Whether your post light is 120 volt, or low voltage, most lights have a dusk to dawn sensor in the post (a small round “eye”).  Many times, this can go bad, causing the light to stay on or off, regardless of the time of day.  A sensor for a 120 volt is easily replaced and available at hardware stores.  The sensor for a low voltage light is harder to find, but try some electrical supply stores for availability.  Both type of sensors can be changed easily and should come with specific instructions.

So, there really isn’t a single answer the question of how to fix it.  You have to go through a series of tasks to find out exactly what the problem is.  But once you fix it, your delight will be as bright as the post light!

Toilet Flapper Chain – Ask THE Handyman St. Louis – Get It Done

On one of my toilets, I have to hold the handle down in order for the toilet to flush all the way.  What do I need to do?

This can be a source of frustration, especially when nothing appears to be wrong.  There are a couple of possibilities, however, and the fix might be an easy one.

Inside the toilet there is a chain that connects the flushing handle to the “flapper” (the covering which is usually at the bottom of the tank where the water drains out).  Sometimes, the chain has too much play in it.  It should only have a small amount of slack.  If it has too much slack, the flapper may not raise up all the way when the handle is pushed.  If it doesn’t have any slack, it may not let the flapper rest all the way completely down.

In your case, it could be too much slack, so try adjusting it.  First, turn the water off to the toilet by closing the “shut-off valve” which is located under the toilet tank where the water comes out of the wall.  Turn the valve clockwise to stop the water flow.  Then unhook the pin at the end of the handle bar.  Put the pin down a few links in the chain (towards the flapper), making it slightly shorter in length.  Reinstall the “hook” or “pin” onto the end of the handle.  You’ll then need to turn your toilet shut-off valve back on, let the tank fill up, and see if this did the trick.  If not, you may need to adjust it a little more.

If the chain adjustment doesn’t completely fix the problem, there is one more thing to check.  Look at how the flapper is attached to the tank.  It should have either “ears” or a “ring” attachment.  The ears will be on either side of a tube which stands in the toilet – it’s the tube where the water goes down when the toilet is filling up.  These ears are small pieces that stick out slightly and the collar of the flapper fits into the ears.  A different way of attaching the flapper to this tube is by a ring on the flapper which goes over the tube and rests on the bottom.  Both the “ears” and the “ring” are designed to keep the flapper in place.    You should have one or the other.  If you have both, the flapper gets into a bind and won’t operate freely.   If that is the case, remove the ring and use only the ears.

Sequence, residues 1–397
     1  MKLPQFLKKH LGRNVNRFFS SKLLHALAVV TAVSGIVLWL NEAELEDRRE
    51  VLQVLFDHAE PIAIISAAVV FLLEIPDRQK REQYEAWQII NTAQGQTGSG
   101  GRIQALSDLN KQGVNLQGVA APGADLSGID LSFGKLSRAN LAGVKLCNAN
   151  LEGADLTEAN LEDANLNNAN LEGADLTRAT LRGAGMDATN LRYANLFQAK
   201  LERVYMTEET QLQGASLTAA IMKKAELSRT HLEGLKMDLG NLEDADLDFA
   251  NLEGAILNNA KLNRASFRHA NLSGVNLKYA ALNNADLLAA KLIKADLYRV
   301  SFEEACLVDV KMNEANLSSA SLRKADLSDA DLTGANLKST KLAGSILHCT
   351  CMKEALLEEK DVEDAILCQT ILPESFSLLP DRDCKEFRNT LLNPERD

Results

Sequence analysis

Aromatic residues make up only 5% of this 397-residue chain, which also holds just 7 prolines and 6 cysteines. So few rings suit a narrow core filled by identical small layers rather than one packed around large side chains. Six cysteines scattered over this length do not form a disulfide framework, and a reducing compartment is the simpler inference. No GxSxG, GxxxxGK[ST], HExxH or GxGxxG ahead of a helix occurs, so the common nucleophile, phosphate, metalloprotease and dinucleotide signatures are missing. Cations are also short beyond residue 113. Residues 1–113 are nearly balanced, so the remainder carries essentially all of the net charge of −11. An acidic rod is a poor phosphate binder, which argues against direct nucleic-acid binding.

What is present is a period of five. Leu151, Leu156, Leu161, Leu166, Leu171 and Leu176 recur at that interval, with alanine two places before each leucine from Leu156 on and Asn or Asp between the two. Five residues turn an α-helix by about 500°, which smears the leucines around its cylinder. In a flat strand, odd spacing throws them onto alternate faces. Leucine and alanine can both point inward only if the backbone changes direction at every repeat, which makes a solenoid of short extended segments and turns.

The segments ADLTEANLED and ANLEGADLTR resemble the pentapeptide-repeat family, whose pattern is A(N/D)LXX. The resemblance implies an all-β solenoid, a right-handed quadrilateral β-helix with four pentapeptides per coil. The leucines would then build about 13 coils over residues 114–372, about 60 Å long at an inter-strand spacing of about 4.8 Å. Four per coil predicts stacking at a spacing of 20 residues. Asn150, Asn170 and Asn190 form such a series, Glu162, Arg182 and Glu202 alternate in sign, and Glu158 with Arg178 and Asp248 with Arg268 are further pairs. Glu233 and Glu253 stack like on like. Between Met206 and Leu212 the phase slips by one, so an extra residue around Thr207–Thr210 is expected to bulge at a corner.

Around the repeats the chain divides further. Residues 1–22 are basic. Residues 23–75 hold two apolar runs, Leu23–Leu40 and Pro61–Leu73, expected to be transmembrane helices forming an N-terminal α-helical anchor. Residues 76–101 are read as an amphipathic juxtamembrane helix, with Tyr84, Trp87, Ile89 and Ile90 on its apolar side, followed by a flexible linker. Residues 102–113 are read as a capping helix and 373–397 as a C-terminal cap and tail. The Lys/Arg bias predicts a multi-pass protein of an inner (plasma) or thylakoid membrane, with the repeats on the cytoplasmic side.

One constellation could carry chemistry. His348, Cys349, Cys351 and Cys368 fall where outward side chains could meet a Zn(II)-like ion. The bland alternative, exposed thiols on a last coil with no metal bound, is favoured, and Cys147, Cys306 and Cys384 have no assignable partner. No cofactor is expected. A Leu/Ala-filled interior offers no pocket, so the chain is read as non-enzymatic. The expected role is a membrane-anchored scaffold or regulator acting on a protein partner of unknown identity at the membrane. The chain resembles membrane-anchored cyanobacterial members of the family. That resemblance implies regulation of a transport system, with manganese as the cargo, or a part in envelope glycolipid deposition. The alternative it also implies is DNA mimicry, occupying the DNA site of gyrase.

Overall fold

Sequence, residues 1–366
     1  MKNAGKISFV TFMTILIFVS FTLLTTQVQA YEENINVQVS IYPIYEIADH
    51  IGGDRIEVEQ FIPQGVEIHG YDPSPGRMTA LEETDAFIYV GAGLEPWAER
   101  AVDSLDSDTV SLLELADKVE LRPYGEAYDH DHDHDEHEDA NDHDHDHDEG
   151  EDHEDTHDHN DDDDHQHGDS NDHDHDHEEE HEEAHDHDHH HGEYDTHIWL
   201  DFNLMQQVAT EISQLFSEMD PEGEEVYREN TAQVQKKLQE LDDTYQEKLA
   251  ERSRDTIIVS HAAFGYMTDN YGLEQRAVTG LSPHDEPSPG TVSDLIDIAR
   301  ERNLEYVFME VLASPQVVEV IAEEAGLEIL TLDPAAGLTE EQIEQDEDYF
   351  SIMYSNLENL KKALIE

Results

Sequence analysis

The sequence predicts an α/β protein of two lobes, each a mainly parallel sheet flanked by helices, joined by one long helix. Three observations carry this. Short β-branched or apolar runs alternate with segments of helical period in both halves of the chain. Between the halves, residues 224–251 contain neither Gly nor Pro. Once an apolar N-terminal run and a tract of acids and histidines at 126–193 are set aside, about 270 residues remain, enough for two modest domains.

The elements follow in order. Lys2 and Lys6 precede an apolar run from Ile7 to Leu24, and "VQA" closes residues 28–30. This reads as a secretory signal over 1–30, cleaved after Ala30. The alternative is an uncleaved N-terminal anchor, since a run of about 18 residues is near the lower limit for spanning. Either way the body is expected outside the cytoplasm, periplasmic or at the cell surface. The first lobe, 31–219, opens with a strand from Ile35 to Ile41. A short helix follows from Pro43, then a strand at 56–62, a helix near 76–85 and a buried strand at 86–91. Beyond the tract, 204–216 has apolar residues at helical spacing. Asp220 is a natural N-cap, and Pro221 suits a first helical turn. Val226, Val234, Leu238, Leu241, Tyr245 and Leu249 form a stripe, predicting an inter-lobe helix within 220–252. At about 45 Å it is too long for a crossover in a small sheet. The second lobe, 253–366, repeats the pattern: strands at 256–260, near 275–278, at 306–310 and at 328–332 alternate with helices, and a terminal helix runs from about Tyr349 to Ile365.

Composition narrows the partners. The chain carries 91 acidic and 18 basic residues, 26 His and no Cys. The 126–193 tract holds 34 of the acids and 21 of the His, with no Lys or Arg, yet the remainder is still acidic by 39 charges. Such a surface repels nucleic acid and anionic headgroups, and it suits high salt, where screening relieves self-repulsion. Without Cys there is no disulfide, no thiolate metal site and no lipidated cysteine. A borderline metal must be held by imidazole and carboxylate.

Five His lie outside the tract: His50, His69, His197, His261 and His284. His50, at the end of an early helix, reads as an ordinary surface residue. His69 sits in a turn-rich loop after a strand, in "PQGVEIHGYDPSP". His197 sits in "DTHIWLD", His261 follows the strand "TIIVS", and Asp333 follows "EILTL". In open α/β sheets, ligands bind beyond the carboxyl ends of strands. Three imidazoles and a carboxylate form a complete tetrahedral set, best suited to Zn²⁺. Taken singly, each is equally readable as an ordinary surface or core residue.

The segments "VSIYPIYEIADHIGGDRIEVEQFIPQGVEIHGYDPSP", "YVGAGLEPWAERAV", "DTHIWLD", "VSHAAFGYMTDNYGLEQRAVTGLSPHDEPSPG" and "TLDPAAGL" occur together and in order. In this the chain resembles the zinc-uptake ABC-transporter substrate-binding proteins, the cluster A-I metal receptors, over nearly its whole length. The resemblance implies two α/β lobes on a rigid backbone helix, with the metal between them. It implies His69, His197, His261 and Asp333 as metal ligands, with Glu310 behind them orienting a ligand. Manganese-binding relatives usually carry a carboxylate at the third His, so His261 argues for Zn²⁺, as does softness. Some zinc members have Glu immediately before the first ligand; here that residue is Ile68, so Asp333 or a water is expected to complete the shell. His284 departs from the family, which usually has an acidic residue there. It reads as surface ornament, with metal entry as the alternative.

Good Luck!

Digital Timers – Get It Done – Ask THE Handyman St Louis

I have yard lights that come on at dusk and turn off in the morning.  Is there any way to do this with the two lights at my front door?  They are controlled by a switch on the inside.

You have a couple of options here.  The first is the easiest and least expensive.  Hardware stores sell a product that screws into the socket where the bulb goes and has a built in dusk to dawn sensor.  Once you install it, you simply screw in the bulb into the new sensor unit.  There are some possible glitches though.  The new product takes up an extra couple of inches in height, and some light fixtures may not allow for this, as the bulb may no longer fit inside the fixture.  You’ll just have to give it a try.

The second possible problem is that since you have two lights, when one sensor comes on at dusk and turns the bulb on, the sensor on the other light can pick up the light rays from the first one, and this can cause the sensor to think it is daylight, causing the second one to stay off.  Sometimes, this can be resolved by simply screwing the product a little tighter or loosening it, moving the “eye” of the sensor away from the other light fixture.

A second option is to consider installing new light fixtures.  You can get fixtures that have dusk to dawn sensors built in, or ones that have motion detectors built in.  A motion detector fixture will only come on if there is movement in the proximity of the light, then will go off after several minutes.   But the same issue with the dusk to dawn feature as mentioned above still exists.

The third option will eliminate any of the above problems, and that is to replace your inside switch with a programmable digital timer switch.  These switches cost about $30 and will fit inside any box where a regular switch is.  Most stores will carry them in white or ivory.  To install these switches, follow the directions which come with it.  Basically, you’ll need to turn off the circuit breaker to the switch and lights, then remove the switch, making sure to note which colored wires go where, and replace it with the new digital timer.   Then simply follow the instructions for programming the timer.  Basically, it will allow your lights to come on at a designated hour, and go off whenever you want.  There is also an override feature on most models, which will allow you to turn the lights on or off manually.  The only thing you may want to do twice a year, is adjust the timing for daylight savings time.